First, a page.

Johannah Davies (JD) Spero was born near a pristine lake in the Adirondacks and has lived in various cities such as
St. Petersburg (Russia), Indianapolis, Dallas, and Boston. She has pursued her love of narrative through degrees in English, Russian, and teaching—and has worked as an actress, a yoga instructor, a web design entrepreneur, freelance writer, and a high school English teacher. She lives in the Northeast with her husband and three young sons.
Drawing on her experience as a high school teacher—this time with a social concern, Spero infuses the rites of passage for the teenager—cliques, first kisses, peer pressure, and bullying—with magic. This stresses how tenuous and critical this time is for young people in a new, fascinating way. Written from Sami’s point of view, Spero’s narrative puts the reader into the mind of a fifteen-year-old who must navigate the tumultuous waters of being the new girl—the underdog who starts to win and is intoxicated by it. Truly a page-turner, this action-packed story will have readers of all ages eager to see what happens next.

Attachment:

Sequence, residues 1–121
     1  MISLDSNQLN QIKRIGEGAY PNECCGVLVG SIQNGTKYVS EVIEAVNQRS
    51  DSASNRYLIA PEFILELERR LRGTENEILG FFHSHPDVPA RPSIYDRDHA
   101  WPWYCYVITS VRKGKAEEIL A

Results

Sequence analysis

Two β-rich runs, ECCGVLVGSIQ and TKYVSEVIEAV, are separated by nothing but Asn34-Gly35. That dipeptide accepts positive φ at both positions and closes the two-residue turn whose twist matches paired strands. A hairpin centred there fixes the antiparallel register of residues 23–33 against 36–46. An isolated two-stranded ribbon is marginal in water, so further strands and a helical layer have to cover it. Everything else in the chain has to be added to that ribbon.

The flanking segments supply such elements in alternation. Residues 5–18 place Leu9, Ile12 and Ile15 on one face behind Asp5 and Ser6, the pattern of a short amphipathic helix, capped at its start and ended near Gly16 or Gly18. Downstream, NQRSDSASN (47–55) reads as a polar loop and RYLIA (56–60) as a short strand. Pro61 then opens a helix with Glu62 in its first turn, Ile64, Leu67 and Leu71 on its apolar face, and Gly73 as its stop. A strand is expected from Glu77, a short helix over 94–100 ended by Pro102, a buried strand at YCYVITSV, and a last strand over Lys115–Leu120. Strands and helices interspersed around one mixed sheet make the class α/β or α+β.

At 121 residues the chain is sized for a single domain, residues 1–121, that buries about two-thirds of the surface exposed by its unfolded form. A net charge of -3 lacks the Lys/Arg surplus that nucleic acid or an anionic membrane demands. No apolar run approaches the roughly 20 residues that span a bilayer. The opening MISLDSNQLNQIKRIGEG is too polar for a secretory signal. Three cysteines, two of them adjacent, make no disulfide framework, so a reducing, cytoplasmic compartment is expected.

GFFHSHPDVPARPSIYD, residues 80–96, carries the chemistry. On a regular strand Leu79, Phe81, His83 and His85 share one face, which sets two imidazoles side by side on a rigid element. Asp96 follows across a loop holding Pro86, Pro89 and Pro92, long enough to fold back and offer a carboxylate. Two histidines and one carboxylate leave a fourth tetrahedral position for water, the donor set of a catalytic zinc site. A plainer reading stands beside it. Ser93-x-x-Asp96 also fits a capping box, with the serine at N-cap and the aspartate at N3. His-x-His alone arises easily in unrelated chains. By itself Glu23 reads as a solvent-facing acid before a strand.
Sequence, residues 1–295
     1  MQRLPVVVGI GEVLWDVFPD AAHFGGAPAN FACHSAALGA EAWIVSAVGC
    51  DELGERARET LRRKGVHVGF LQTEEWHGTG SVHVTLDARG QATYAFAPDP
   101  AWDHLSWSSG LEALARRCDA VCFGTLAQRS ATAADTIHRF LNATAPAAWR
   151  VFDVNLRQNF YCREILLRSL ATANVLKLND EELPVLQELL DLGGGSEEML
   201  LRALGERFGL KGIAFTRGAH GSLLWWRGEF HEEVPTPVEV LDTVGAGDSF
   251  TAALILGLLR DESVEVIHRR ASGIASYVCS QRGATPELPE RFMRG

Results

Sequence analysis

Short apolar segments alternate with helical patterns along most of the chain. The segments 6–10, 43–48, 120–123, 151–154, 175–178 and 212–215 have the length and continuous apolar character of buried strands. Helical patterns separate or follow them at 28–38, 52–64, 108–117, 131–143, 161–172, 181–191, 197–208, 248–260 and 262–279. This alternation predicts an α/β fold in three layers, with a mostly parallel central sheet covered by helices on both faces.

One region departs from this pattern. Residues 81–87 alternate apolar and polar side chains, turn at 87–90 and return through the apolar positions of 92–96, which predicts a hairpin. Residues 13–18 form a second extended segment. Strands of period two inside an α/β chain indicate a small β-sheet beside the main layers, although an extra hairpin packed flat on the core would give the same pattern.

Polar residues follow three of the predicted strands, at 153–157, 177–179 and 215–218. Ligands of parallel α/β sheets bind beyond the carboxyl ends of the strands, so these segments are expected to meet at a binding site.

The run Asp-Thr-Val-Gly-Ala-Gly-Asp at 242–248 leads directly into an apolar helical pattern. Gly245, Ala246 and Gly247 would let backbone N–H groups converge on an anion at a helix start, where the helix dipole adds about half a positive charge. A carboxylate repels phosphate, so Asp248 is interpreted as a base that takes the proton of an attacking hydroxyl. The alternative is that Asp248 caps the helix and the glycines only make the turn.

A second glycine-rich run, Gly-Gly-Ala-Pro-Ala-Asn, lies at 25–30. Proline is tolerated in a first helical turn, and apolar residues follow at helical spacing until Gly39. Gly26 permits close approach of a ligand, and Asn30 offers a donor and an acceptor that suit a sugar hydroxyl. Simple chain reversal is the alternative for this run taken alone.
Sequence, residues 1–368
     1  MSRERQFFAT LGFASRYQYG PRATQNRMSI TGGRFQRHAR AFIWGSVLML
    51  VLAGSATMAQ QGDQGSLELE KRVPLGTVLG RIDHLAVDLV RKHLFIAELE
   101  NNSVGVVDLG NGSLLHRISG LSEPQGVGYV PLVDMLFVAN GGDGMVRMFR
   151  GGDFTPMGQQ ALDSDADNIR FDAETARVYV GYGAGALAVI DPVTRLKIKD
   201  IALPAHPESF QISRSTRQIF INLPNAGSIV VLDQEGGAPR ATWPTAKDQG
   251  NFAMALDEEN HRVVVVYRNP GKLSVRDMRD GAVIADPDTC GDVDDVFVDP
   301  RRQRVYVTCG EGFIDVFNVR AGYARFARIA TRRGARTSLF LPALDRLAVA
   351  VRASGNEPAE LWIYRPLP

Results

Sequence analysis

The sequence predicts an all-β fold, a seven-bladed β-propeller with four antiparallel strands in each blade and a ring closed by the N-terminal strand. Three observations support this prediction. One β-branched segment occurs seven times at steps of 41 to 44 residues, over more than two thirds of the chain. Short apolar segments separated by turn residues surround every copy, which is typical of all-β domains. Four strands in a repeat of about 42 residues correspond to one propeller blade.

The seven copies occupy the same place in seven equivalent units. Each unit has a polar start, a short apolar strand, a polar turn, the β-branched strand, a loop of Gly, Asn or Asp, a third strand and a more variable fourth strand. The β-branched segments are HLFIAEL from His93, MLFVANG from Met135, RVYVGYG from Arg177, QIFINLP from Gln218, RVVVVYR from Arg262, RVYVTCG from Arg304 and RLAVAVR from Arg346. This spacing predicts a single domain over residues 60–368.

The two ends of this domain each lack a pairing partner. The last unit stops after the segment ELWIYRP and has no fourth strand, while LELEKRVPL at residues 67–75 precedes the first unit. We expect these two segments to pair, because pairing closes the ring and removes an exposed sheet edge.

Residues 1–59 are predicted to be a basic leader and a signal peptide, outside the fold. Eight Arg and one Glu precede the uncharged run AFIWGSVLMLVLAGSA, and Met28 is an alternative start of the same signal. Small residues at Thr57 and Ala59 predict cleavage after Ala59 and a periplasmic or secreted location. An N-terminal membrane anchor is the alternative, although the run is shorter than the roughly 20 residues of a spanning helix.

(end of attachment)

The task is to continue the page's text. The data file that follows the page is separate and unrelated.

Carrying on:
Spero’s debut novel, Catcher’s Keeper, was chosen as a Finalist in the 2014 Indie Excellence Book Awards contest and also made the top 5% out of 10,000 entries in the 2013 Amazon Breakthrough Novel Award.
Author Top Ten Favorite Things
My favorite quote is also my protagonist’s. “Music was my refuge. I could crawl into the space between the notes and curl my back to loneliness.” – Maya Angelou
– TV show
Seinfeld for making me laugh.
Friday Night Lights for making me cry.
– Comic book character
– Candy bar
Reese’s Peanut Butter Cup!
– Junk food
Doritos! (original nacho cheese, of course)
– Place you visited
Our honeymoon destination was the Amalfi Coast in Italy. Can’t beat that. Ever.
One of my old favorite stand-bys when I lived downtown: The Parrish Café on Boylston Street in Boston
My parents have a cozy, rustic cabin on Elizabeth Island on Lake George, New York. It’s one of my favorite places on the planet.
Main character, Sami McGovern, a natural musician is recruited to try out for volleyball.
Finally, the time has come. I ride the giant wave to the locker room, letting myself get sucked into the energy. It’s like every single freshman girl is going to tryouts. The excitement is contagious. The locker room has transformed into a sort of primping party. It’s a more amped up version of backstage before one of my piano recitals. I’m giggling as I change into gym clothes and follow the others onto the court.
But I stop short on the sidelines.